CELEBRATING 85 YEARS OF GIRL POWER

The Secret of the Old Clock 1930

The Secret of the Old Clock 1930

When I read my first Nancy Drew book in the 1970s, I didn’t know anything about title pages and checking the copyright date. All I knew was that I identified immediately with this smart brave teenage girl who didn’t wait around hoping other people would solve her problems. The story lines were so current that you’d have blown my mind if you had told me that Caroline Keene’s first Nancy Drew book, The Story of the Old Clock, was published in 1930.

The Clue of the Leaning Chimney 1949

The Clue of the Leaning Chimney 1949

Actually, Nancy Drew’s age still blows my mind, as does the fact that Caroline Keene never existed. The name is a pseudonym for all the authors who wrote Nancy Drew books at the instigation of Edward Stratemeyer, the James Patterson (or Barbara Cartland) story factory of his day. Isn’t it ironic that a man came up with the ‘counter-cultural’ concept of the girl hero who contradicted adults whilst squaring off against villains? Perhaps it was because he was a man that he had nothing to lose in helping create a bestselling series freed girls from Victorian ideas of what was right and proper?

The Secret of the Gold Pavilion 1959

The Secret of the Gold Pavilion 1959

Twenty two of the first 25 Nancy Drew titles were all written by Mildred Wirt Benson, who had Nancy getting into fights, driving a car, packing a gun and relying on herself to get out of tough situations. For all that, Nancy was a well-rounded character with a boyfriend, Ned, two besties, Bess and George and had a good relationship with her widowed father as well.

The Mystery of the 99 steps 1966

The Mystery of the 99 steps 1966

As Theordore Jefferson points out in his excellent article on TheMarySue about the influence Nancy Drew has had on women’s literature ever since, not everybody was ready for such a feisty character. The Hollywood movies of the 1940s gave Nancy just enough screen time to get into a fix and then sent her boyfriend in to rescue her. However, Mildred and Edward had set a trend that could not be denied and continues today in the form of feisty heroines like Katniss Everdeen from Suzanne Collins’ Hunger Games series.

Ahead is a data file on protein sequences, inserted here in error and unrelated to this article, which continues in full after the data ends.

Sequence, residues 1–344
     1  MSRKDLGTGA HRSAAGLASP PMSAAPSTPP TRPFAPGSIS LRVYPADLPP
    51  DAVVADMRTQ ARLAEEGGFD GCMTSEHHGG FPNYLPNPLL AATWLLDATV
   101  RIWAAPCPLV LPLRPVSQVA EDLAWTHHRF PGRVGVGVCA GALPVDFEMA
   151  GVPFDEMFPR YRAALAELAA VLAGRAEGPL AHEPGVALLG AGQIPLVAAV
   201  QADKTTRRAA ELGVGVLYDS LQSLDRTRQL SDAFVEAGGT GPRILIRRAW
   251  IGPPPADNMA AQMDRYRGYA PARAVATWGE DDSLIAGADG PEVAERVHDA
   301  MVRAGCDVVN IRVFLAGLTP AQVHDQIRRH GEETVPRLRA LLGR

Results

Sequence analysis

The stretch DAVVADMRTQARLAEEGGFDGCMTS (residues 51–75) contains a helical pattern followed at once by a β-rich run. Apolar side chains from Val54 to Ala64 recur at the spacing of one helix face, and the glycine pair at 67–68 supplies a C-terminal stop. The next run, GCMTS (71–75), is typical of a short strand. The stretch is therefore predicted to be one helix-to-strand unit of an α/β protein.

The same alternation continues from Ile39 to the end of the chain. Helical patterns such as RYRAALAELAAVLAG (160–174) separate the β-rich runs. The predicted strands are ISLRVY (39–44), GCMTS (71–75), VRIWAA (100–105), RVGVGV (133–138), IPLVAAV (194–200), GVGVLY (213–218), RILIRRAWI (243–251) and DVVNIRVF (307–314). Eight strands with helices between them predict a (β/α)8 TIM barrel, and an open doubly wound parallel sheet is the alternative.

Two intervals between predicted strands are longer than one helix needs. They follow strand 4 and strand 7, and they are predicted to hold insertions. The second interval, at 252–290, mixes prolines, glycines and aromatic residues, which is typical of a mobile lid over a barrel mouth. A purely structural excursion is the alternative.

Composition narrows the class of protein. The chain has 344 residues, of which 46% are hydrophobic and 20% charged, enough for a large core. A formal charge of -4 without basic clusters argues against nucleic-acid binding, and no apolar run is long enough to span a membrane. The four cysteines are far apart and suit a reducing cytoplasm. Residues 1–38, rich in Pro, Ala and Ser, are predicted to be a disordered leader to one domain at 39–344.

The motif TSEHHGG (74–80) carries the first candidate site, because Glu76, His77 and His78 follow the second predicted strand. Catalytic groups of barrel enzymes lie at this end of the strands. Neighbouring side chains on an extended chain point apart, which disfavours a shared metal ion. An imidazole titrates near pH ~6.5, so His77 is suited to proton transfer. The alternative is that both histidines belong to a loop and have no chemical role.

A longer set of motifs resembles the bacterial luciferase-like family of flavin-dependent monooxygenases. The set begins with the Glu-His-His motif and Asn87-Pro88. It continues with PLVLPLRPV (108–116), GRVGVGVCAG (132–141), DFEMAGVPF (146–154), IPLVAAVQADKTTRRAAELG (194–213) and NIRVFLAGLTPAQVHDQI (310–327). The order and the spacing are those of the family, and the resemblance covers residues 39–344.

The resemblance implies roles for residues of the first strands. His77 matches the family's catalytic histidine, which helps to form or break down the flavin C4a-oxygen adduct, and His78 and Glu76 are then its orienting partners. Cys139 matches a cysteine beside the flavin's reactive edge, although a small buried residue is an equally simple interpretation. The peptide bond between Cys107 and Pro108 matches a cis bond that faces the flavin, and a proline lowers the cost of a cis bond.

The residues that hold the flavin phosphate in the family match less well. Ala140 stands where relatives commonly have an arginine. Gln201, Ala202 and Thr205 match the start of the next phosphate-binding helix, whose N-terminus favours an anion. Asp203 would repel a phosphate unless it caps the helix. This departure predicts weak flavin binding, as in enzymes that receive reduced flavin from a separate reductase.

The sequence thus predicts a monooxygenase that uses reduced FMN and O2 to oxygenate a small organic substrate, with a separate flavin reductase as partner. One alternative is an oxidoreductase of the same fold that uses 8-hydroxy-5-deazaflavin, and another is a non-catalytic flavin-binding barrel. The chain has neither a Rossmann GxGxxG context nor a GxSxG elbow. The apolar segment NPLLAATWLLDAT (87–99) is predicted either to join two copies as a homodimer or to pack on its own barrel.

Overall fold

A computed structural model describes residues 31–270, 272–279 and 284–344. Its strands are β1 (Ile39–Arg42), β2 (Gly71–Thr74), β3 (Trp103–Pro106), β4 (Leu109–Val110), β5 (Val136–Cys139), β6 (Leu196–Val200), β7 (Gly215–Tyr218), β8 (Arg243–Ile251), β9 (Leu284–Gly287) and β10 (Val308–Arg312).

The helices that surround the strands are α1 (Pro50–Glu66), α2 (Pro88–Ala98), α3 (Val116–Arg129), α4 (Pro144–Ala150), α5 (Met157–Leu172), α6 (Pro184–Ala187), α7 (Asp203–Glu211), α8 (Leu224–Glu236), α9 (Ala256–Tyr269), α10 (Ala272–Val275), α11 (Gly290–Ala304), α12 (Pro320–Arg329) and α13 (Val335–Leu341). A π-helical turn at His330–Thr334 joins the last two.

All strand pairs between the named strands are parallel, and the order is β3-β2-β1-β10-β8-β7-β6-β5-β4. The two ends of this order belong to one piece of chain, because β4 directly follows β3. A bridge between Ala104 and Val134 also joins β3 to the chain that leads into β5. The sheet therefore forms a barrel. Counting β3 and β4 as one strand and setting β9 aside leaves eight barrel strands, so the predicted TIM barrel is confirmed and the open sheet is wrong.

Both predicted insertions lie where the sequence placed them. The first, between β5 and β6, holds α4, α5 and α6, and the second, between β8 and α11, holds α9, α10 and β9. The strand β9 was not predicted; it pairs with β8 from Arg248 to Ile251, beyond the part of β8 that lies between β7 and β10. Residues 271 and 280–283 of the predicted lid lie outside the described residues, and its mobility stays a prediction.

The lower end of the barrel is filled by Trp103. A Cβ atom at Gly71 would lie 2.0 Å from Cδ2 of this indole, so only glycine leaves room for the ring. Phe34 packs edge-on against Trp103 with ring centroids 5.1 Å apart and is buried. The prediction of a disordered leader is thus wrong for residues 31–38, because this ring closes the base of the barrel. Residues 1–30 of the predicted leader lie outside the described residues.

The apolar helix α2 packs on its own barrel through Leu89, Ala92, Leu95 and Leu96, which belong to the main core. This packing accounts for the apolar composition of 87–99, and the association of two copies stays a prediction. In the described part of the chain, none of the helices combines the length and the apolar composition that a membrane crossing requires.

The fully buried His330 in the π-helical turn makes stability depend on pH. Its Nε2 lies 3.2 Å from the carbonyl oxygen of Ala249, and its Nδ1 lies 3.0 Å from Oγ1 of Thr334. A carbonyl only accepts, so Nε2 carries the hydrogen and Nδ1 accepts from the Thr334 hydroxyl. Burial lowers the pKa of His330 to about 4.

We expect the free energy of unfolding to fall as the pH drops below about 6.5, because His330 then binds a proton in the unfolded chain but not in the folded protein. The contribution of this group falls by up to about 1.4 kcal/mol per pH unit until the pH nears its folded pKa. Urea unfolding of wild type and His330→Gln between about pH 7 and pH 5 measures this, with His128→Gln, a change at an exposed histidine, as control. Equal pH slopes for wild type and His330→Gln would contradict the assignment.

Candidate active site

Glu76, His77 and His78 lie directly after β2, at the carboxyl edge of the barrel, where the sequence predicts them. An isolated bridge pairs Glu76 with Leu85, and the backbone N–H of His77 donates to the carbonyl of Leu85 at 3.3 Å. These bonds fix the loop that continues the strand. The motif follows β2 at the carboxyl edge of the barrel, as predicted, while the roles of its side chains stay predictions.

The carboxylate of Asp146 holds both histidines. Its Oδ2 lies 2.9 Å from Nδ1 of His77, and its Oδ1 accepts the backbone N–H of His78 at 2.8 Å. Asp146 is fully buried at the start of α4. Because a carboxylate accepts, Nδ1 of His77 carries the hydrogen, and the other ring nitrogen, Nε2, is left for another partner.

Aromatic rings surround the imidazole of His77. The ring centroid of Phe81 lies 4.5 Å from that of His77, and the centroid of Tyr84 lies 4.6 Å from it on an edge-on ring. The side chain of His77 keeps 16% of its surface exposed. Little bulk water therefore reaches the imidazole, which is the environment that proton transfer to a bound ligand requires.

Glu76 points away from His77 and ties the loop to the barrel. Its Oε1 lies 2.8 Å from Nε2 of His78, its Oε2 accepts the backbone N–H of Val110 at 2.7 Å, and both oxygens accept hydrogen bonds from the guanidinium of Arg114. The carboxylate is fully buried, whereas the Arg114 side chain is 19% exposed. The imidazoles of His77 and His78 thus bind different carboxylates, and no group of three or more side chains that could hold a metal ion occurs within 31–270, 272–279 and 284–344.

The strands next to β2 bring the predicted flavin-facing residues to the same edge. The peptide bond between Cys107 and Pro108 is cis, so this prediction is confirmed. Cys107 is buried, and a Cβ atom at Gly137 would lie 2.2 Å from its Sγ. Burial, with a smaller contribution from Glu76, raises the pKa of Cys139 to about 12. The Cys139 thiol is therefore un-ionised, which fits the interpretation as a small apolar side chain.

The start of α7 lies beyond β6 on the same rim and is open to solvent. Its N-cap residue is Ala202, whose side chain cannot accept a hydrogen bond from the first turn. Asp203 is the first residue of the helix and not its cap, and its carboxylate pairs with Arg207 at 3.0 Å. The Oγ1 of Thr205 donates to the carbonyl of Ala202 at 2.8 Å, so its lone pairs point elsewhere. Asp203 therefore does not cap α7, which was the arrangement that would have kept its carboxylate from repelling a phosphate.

The Clue of the Broken Locket is a Mildred Wirt Benson-penned Nancy Drew, but my other favourites all

The Mystery of the Glowing Eye 1974

The Mystery of the Glowing Eye 1974

seem to have been written by Harriet Adams: The Clue in the Old Stage Coach, The Mystery of the 99 Steps and The Clue in the Crossword Cipher– perhaps because they were written in the era I was reading them. When you think back, did you have a favourite Nancy Drew mystery?

The Secret in the Old Lace 1980

The Secret in the Old Lace 1980

PS: Edward Stratemeyer was a remarkably prolific author. If you would like to know what other old favourites of yours, he had a hand in, have a look at his Wikipedia biography.

 

 

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2 Comments

  1. Edward Stratemeyer had invented the Hardy Boys three years before, as well as other male sleuths, and wanted to do a female detective as well. Drew was not the first surname he had picked for her but that’s what it became.

    Boyfriend Ned only came along in book 7, and Nancy had a bestie called Helen before Bess and George.

    I was a member of RWA a few years back but have been a Nancy fan for 31 years and a member of the Nancy Drew Sleuths for about 10.

    Reply
  2. elizabethellencarter

     /  May 8, 2015

    Nancy Drew Mysteries were the first novels I read starting from about the age of 8. I devoured them and the greatest joy was going every fortnight to the book store to see if they had anymore titles I hadn’t read.

    Reply

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